I came across this research from Pew Center which showed that Asian households, had significant more wealth than other racial groups in America. While the article focuses on the external factors that contribute to the disparity in wealth it does not talk much about intrinsic factors at all. For example, many Asian families living in America live well within their means, many families do not have high debt and look to squeeze out maximum value out of their earnings. This post is a reflection on spending and financial thinking that probably is the single biggest factor in explaining this chart.
When I first moved in to America, I realized the importance of Credit History. One needed to have “credit history” that shows the banks how good you are at returning money that you owe to qualify for things such as internet and phones. You are taught to get a credit card as soon as you come to the country so that you can build your record and establish yourself as a trustworthy person in the eyes of the lenders. While banks back home levy high interest rates, and entice you to spend less on credit cards, banks here offer rewards, and almost nonexistent interest rates on credit cards encouraging spending. Growing up in a family of bankers I was ever conditioned to the idea of avoiding debt, but over here I was pretty shocked to see young people own a multitude of cards and advertise the benefits of the cards. America in general seem to strive on high-risk high reward model. People flock to get new cards that offer rewards, that you can spend elsewhere. Every purchase had a cashback option and allowed the consumer to accumulate points. Airlines, Stores offer their own cards that promise great discounts on purchases.
My American friends advise to me to get the cards from a wide variety of banks and stores because then I would be rewarded for the spending but on the other hand my Asian friends recommended that I seek cards that offered rewards and benefits. Some credit cards offer benefits like Car Rental insurance, insurance on purchases etc. Banks would offer higher rewards on certain categories in some quarters, my Asian buddies had tabled charts that showed which cards to use when. The mindset difference was stark, while both sides understood that credit was absolutely required one side seemed to look for comprehensive benefits. These things add up over time and you are more likely to benefit drastically by paying extra attention to your bank website.
Banks back home do offer in general much higher interest rates on savings accounts and other low risk investments. In America the banks interest rates are paltry, in fact one of the biggest banks in USA that I used offered a 0.01% interest rate! Switching to a High Yield Saving Account or a Money Market account can offer much higher interest rates (5% in 2023). All bank accounts are FDIC insured up to 250K (250 K per person in case of a joint account). When I opened my bank account, none of the bankers talked to me about the different options, it was an Asian American who told me the details. Once I found out, it took me about 10 minutes to switch the account type and benefit from the higher rates. The bank had also set me up with a premium type of account that warranted a higher bank balance. Turns out the premium type meant nothing other than a tag on the account. I switched to the basic account type that let me keep a much lower balance on my bank and transfer the rest to a savings account. Banks also offer Certificate of Deposits that in general offer a fixed higher interest rate for longer period of time. I have learnt to take benefit of these as wells. Banks offer promos that give high CD interest rates, it would be wise to monitor these and take benefit.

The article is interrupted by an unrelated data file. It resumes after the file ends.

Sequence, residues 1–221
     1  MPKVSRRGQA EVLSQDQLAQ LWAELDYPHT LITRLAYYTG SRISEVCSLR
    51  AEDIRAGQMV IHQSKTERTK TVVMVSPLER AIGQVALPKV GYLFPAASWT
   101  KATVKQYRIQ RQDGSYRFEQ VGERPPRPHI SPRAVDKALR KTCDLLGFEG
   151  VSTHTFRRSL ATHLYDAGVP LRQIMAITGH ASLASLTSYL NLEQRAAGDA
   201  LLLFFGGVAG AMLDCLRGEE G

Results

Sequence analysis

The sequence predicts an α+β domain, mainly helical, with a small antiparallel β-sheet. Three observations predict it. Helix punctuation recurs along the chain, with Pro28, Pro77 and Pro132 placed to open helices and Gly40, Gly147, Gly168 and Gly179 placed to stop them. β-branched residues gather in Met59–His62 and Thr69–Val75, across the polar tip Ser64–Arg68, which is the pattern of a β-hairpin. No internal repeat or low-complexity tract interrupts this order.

The table (1992 mean values of investments) shows the disparity between the races when it comes to long term investments. As you can see, to build generational wealth, financial assets need to be diversified and include high risk high return investments. White Americans in general tend to own more Bonds, IRA Stock that offer higher returns long term when compared to the other groups. Asians are not included in this table, but my feel is that they would mimic more of the White Americans behavior here but with a higher net worth in housing equity.
I used to buy the things I needed from the store closest to me, I did not care about the prices or the quality of the items I purchased. But over time, I have come to realize that the sales price of items was dependent on the location of the store as well and the brand value the store. Grocery stores in high income areas had a higher brand value and was pricier when compared to stores in low-income areas. I noticed how more affluent people thronged to stores such as Whole Foods, Central Market, Traders Joes, Costco while the not so affluent relied on stores such as Walmart, Fiesta etc. Over time we have noticed that we pick more fruits, vegetables when we visit stores like Central Market as opposed to a Walmart. These subtle shifts in diet do help in our overall health and keep the medical costs low overall.
I am not an avid shopper; I do not indulgently spend on things that I do not need. I do not seek to buy the latest gadgets. I seek to buy things that will serve me for a while. I do not agree with the idea of low-quality high fashion stores. I am 100% sure that many other people who figure in the list subscribe to this line of thought. The bottom line is that in order to build generational wealth, you need to walk a fine line between living frugally, avoiding debt, diversifying your investment instruments and more importantly understanding how to get the best value for your money.
P.S I am not a financial advisor, and I am not suggesting that you drastically change your investments portfolio in any means, but trying to help one understand different factors that contribute to overall financial health.